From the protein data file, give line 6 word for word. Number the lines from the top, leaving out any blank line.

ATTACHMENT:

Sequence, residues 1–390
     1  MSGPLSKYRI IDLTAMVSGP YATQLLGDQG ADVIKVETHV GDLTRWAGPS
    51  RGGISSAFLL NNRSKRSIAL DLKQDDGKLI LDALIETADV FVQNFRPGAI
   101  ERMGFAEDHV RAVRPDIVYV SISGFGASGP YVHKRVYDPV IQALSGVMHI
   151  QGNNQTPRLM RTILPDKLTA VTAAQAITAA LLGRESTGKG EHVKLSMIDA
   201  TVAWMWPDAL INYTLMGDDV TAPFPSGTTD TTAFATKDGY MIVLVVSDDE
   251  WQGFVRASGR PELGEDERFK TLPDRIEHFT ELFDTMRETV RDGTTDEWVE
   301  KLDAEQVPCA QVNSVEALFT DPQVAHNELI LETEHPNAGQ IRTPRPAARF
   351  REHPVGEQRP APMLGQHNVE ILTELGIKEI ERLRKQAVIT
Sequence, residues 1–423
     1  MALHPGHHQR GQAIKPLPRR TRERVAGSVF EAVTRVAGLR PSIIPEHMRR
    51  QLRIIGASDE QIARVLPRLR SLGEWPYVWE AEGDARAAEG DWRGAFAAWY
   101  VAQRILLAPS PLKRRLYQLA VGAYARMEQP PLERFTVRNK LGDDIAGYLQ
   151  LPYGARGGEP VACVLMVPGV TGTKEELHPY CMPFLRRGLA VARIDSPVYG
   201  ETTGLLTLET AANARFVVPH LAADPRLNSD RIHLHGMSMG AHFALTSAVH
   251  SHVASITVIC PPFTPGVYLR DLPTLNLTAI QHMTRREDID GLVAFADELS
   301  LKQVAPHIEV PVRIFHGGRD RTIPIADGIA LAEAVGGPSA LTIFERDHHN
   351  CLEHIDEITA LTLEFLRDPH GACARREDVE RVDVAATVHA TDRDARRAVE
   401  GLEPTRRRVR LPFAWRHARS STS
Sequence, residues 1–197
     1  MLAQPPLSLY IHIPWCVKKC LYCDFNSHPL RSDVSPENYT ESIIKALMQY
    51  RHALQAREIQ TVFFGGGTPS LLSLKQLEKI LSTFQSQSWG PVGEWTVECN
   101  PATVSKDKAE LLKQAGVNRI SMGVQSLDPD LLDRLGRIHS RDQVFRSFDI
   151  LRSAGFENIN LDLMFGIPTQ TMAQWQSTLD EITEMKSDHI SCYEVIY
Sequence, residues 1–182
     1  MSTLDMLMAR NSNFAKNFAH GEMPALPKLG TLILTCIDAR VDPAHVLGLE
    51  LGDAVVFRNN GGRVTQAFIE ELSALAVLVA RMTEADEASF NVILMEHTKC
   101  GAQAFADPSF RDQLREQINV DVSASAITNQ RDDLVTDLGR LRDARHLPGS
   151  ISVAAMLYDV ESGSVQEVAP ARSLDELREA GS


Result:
   201  TVAWMWPDAL INYTLMGDDV TAPFPSGTTD TTAFATKDGY MIVLVVSDDE